Like all plants, pothos need nutrition. If their vines aren't looking so great, they might just need some plant food. Life gets in the way sometimes, and we often forget to feed our plants as regularly as they’d like.
Step 1: Give your pothos a balanced fertilizer approximately once a month during the growing season.
Step 2: If you prune the plant, fertilize it to help it recover and push out new growth.
Sometimes plant lovers will avoid watering a plant for fear of overwatering, or they’ll overwater for fear of them drying out. This inhibits the plant’s growth pattern and often leads to spindly vines or root rot. The biggest reason plant owners kill their plants is by overwatering. This is easy to do and nothing to be ashamed of.
Step 1: Use a moisture meter to check when your plant is wet, moist, or dry.
Step 2: When the pothos is moderately dry (don't let it completely dry out!), water it heavily.
Step 3: When pothos plants are thirsty, their leaves will droop.
If you notice your plant is looking a little sad, give it a drink and it should perk right back up.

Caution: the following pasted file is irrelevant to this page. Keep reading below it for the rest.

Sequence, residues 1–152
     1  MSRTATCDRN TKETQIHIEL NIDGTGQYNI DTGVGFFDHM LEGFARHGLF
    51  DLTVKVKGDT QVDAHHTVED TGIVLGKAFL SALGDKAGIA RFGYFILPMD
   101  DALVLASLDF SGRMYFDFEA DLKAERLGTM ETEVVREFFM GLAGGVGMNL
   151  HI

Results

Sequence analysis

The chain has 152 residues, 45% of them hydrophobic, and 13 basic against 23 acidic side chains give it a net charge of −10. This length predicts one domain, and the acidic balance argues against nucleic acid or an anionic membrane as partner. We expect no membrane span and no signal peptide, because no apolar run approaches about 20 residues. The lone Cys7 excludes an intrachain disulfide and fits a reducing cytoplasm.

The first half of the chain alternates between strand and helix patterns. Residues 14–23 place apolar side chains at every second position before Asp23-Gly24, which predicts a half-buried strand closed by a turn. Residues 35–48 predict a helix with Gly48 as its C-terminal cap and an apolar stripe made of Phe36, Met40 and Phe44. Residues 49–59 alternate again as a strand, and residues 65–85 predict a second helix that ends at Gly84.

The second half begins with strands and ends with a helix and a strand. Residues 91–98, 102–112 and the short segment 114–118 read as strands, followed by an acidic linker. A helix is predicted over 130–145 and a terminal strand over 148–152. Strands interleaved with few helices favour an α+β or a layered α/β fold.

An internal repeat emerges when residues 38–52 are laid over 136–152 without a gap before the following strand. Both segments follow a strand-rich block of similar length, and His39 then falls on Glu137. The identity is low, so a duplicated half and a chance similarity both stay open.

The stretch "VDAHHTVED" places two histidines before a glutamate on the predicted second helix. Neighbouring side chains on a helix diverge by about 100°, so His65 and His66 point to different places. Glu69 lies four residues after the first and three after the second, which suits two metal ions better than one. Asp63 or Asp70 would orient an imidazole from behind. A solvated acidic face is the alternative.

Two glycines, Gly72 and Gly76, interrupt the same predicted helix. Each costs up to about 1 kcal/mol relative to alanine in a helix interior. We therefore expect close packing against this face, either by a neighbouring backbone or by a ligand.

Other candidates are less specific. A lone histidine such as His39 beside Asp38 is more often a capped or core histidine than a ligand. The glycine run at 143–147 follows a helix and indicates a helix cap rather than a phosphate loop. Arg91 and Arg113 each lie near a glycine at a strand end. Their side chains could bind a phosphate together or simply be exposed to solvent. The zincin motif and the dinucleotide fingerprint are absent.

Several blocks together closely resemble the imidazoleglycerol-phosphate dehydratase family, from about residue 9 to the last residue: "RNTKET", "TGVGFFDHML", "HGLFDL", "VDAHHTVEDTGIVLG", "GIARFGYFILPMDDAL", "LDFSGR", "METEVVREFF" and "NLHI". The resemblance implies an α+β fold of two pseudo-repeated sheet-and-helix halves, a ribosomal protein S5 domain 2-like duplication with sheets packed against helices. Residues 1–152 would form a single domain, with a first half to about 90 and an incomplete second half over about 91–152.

Lastly, it’s imperative to rotate your plant routinely. If you don’t, your pothos will likely grow more heavily on one side and be less full on the other side. That side probably won't be as healthy or attractive as the one facing the light. You don’t have to do this every day; turning the plant once every other week or so is best.
We only want what's best for our plants, and sometimes we need a refresher on our plant’s needs. So if you’re noticing your pothos plant's vines aren’t as robust as they once were, try some of these tips and give it a few months to see if that helps. It will take a little bit of time to notice a difference, but it will be worth it in the end.
- Which plants absorb the most carbon dioxide? Here are 5 air-cleaning plants to add to your home
- Can you grow a bird of paradise from a cutting? Here’s what you need to know to grow your dream plant
- Are pothos plants toxic? What you need to know
- Here’s how to propagate spider plants for a fun, low-maintenance way to decorate your home
- Amazing tips for forget-me-nots care so they don’t take over your garden